Minimum Viable Product Explained: What is an MVP?

What is a minimal viable product?

A minimal viable product, or MVP for short, is a product with a limited set of features, just enough to bring value to whatever market you are intending to bring your product to. This is considered best practice for many types of development projects and especially for software products.

There are many important reasons to aim for an MVP as a start-up. Time to market, quickly get feedback from real users, risk mitigation to mention a few.

What does it mean in practice, to develop an MVP?

Developing an MVP means that you remove everything from the scope of work that is not necessary for the product to be of value for a potential client, and anything that can’t be clearly connected to a business objective. Take an accounting software as an example. In the scope for an accounting software, reports are probably outside of the MVP. Reports are extremely important to have in an accounting software but not absolutely necessary for it to provide value to the end-user. If the application is to be used globally, support for multiple languages would be useful but also probably out of scope for the MVP. An accounting application usually has multiple modules for among other things general ledger, payroll, account receivable, journal, etc but in the initial MVP you probably cut out some of these, even though your initial thought might have been that all of them are a must-have in the initial release.

What you end up with is a product that despite its leanness hits a market spot that you can continue to grow in, but instead of hitting the market 8 months from project start you might be able to do it in 3. You will not only be able to hit the market fast, but also quickly get real users onboard giving you back valuable feedback that can be used to scope the next version of your product. If you also adopt a continuous deployment strategy, you can release new updates to your product quickly, just days or weeks after your initial release.

There are some areas you should never cut corners in

There are two areas that you should never cut corners in even when implementing a minimal viable product.

  1. User experience
  2. The general quality of the application

An MVP needs a working foundation and the experience of interacting with the application is important for the long-term success of the product. In contradiction to what many seems to think, utilizing external graphic designers, especially from a company like Hire Quality Software is really not that expensive. Many start-ups are content with having their full-stack developers doing their own design work, which is dumb for many reasons. The major one is the misallocation of resources which slows down your project.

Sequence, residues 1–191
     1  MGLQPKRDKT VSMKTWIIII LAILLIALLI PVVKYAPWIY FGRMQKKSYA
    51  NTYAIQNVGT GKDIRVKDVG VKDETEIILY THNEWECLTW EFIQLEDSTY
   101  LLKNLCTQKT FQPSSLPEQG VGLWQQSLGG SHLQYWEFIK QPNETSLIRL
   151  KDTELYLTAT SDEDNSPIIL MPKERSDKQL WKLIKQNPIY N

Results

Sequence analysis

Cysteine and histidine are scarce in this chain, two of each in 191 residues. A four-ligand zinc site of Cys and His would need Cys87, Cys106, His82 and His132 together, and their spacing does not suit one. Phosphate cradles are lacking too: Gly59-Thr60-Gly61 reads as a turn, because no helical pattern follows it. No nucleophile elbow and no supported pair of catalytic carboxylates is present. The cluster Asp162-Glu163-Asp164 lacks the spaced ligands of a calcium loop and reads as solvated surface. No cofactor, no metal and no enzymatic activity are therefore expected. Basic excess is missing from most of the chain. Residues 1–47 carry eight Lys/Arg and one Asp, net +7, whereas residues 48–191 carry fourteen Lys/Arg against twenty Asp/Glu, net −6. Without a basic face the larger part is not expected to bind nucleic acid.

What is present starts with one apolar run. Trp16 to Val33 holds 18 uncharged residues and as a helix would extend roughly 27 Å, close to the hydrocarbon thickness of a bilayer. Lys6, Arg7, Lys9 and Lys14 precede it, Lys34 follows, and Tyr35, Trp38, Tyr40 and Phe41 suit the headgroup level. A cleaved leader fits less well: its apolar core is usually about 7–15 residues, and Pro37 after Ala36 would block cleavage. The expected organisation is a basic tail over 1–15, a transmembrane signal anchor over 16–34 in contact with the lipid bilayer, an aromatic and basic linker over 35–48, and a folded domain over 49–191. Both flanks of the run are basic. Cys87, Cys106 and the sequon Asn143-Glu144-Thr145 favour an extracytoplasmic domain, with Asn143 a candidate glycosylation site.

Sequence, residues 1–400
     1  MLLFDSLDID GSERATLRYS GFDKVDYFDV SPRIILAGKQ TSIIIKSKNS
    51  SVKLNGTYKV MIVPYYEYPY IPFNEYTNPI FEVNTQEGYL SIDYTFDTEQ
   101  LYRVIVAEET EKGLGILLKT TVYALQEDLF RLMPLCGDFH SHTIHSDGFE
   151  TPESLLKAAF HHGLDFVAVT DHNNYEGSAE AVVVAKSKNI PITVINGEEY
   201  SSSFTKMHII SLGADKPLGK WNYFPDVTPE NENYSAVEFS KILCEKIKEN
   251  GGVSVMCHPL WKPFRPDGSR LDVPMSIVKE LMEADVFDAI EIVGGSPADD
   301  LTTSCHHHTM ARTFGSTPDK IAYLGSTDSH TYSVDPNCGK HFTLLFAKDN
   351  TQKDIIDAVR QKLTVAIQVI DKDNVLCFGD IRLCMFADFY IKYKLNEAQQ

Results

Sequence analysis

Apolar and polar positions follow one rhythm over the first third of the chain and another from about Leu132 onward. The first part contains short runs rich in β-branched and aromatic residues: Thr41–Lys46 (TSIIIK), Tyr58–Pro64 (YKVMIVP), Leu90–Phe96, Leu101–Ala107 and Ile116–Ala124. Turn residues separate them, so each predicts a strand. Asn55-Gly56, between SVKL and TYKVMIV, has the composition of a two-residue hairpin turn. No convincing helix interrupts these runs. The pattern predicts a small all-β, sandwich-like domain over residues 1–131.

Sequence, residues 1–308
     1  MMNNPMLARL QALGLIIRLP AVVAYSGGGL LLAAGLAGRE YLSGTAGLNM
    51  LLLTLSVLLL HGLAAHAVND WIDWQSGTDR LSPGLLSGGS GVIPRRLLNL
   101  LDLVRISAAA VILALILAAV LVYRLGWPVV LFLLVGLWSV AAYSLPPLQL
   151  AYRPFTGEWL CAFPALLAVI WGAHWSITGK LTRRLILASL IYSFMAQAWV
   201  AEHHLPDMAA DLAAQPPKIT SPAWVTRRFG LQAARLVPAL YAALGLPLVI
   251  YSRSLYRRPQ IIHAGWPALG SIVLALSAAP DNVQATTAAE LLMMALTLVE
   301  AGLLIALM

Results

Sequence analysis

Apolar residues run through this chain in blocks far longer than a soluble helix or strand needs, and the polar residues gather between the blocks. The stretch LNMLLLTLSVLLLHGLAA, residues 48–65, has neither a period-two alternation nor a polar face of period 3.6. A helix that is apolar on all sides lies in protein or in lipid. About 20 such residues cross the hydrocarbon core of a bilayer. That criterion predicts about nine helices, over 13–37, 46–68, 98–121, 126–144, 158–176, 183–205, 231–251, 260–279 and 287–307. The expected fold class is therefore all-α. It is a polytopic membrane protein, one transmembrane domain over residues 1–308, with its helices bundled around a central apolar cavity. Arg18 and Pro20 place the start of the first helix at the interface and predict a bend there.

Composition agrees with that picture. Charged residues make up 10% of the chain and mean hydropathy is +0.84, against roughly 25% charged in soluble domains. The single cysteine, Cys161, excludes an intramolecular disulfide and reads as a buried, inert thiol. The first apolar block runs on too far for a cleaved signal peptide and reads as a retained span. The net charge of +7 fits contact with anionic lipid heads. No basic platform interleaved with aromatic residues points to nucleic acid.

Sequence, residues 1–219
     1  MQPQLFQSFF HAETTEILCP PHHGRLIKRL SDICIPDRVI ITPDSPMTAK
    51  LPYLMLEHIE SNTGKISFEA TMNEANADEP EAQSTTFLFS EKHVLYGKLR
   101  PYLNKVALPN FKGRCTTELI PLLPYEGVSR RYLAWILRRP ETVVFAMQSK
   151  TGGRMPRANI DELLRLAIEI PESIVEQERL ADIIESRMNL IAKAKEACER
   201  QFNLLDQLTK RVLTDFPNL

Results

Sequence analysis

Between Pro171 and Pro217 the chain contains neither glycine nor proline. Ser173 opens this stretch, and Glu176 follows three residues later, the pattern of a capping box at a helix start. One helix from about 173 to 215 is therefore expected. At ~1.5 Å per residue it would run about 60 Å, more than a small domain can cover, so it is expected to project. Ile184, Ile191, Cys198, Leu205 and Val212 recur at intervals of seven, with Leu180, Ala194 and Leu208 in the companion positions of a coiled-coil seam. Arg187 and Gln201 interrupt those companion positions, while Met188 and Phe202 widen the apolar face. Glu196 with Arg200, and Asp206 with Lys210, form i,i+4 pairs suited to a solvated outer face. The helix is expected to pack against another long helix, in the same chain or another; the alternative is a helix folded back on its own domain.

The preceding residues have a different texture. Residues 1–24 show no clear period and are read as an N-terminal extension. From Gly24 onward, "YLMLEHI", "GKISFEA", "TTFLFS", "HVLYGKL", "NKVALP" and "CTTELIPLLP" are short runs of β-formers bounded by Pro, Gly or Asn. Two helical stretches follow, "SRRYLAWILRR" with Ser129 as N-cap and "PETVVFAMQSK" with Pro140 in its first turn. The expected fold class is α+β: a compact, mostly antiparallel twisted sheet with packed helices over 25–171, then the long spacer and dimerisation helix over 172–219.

The same is true for the general quality of your application. You don’t let your developers test their own code and you don’t go to market with a product with obvious flaws in it. In most scenarios, a start-up will be competing in an already existing market segment, perhaps with important features missing compared to your competition. In that case, the user experience and the overall quality of your product are essential.

5 tips for how to keep your product within an MVP scope

  • Come up with clear business objectives for your project
  • Remind yourself by referring to your business objectives when scoping your backlog
  • Analyze features matching your business objectives based on business impact, risk, and technical feasibility. Remove items that fall below your score threshold
  • Prioritize your backlog tasks using both technical difficulties to implement and client value, not only the latter. You want to address tasks with high-risk and high-difficulty early on. You might need to adapt the project scope based on how well these tasks end up being implemented
  • Involve stockholders early on and make sure to get feedback directly from users, and change your scope based on this user feedback during implementation